wood Derby is a classic event for Cub Scout
s (though most often a challenge between fathers of the boys). There are three different versions of this: the car, the boat, and the airplane. Of these, the pinewood derby car
is by far the most well known (the boat is a challenge between the lung capacity
of boys and the airplane is twisting ability of some real long rubber bands).
The first Pinewood Derby was held in 1953 (as I said, it was classic) by the Cub Scout pack 280C located in Manhatten Beach, California.The following year the Pinewood Derby was referenced in Boy's Life (a scouting publication) in October.
For the car, the essence of the rules is:
- Weight: 5 oz. max
- Wheels: all four wheels must be touching the track surface. While sanding is allowed, there may be no extreme peaks or ridges.
- Axles: Removing of flashing or burrs and polishing allowed
- Lubricant: Graphite
- Propulsion: Gravity only
- Width: 2 3/4 inches - the car must be able to fit on the lane guide and thus very little narrowing may be done.
- Length: 7 inches
- Height: 3 inches (it must be able to fit under whatever is used to detect which car got to the finish line first)
- Clearance: 3/8 inches is the standard height of the lane guide and thus the car must be able to ride on this properly. No low-rider cars.
The track itself which the cars race on varies in size (the longer tracks are often used at county level or higher races). Typically the track meets the following standards:
- Length and Drop: 28 feet long with a 4 feet drop
- Slope: The slope of the drop is about 30 degrees. The slop of the straight away is about 0 degrees.
- Lanes: more than 3 lanes, normally 4 lanes though sometimes as many as 8. Each lane has a wooden strip in the middle that is
1 1/2 inches wide and raises up 3/8 of an inch.
- Starting mechanism: vertical pins
There are a vast number of suggestions as to how to make the car a winner. Here is a sampling of suggestions and design considerations.
The shape of the body is the most focused upon part of design of a
pinewood derby car. Often people make these to be either fancy
roadsters or other similar - hey, it looks neat. The essence of a
good design is that of the wedge. Quite simply, the car should be shaped
like a very thin wedge. Indeed, this is how most cars are shaped.
Furthermore, a reduction in the amount of 'clutter' on the car is a good
thing - various weights and other decoration often slow the car by
disturbing the airflow.
Unknown to many, the wheels are a large source of friction in the car.
Everyone who has raced a pinewood derby car knows of the wonders of
powdered graphite and its use - squirt it between the wheel and the
axel (nail). This reduces the friction of the wheel spinning on the axel.
However, there are a number of other things that can be done
(with varying degrees of legality depending upon your local pinewood
Please note that of all the modifications that can be done to a car, the wheels are the ones that are most likely to be restricted. Please verify with the rules before undertaking such modifications to avoid disqualification.
- Round the wheels. This reduces the amount of surface that the car touches the track - and the friction from it.
- Some stores will sell wheels that either have an 'H' shape or a 'V' shape. Both of these serve the same purpose as rounding the wheels (above).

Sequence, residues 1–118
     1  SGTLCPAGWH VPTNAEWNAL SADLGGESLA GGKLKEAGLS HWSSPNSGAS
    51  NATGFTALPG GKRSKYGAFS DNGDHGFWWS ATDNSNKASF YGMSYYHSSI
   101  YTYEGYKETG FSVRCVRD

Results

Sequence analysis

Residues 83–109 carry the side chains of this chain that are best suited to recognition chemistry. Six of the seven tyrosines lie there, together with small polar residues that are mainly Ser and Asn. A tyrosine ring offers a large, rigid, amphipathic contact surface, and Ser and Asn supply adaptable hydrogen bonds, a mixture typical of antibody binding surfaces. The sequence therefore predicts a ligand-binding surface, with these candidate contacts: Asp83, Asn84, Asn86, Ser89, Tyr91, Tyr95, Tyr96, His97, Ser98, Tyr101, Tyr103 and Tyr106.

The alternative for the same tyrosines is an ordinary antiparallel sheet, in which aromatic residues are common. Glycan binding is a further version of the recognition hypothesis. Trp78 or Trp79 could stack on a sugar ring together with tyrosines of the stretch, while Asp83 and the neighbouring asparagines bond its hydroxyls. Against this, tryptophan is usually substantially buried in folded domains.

- On wheels with solid walls, drill holes in the walls. These holes must be drilled symmetrically within the wheel and the opposite wheel must have the exact same characteristics.
- Polish the axles - and don't use on the car until just before the race to avoid damaging them. This requires several levels of sand paper to do.
For this, it is recommended to use a 30 micron (600 grit) to 9 micron (1500 grit) sand paper, however a 5 micron and 3 micron sand paper are suggested. The later two are not typically commercially available, but are often found in conjunction with pinewood derby cars for polishing the axles.
- While avoiding the use of the axles is a good thing (to avoid getting them messed up again after polishing them), it is also a good thing to 'break in' the wheels by spinning them with lots of graphite in them for several days prior to racing.
- Furthermore, essentially 'soak' the wheels and axles in graphite. To do this, pour a large amount of graphite in a zip-lock bag and put the wheels and axles in there with light shaking.
Adding weight to a car is necessary - the original block of wood does not weigh anything close to the 5 oz maximum necessary for a high performance car. Density here is critical to proper performance. The most often used weight is that of lead - a rather dense metal. Consider also that of tungsten which is even denser (1.7x the weight of lead for the same volume) and not toxic.
The location of weight, in theory, should be high up in the back, though this should not make the car stand on its back two wheels when sitting normally. The reason for this is to give the car as much potential energy as possible - the weight in the back is further up and remains on the incline for longer time than that on the bottom or in the front. If the center of gravity is too far back the car will loose stability when it comes to the flat portion.
To accomplish this, the car should be as long as possible and the back wheels as far back as possible while the front wheels are as far forward as possible giving the longest allowed wheelbase.
It is critical for the car to go straight when rolled naturally. This shows that none of the wheels are at an odd angle. If it is the case that the car turns when rolled naturally or wobbles as it moves that means that as the car goes down the slope of the race precious kinetic energy would be used pushing the car up and down or to the left or right.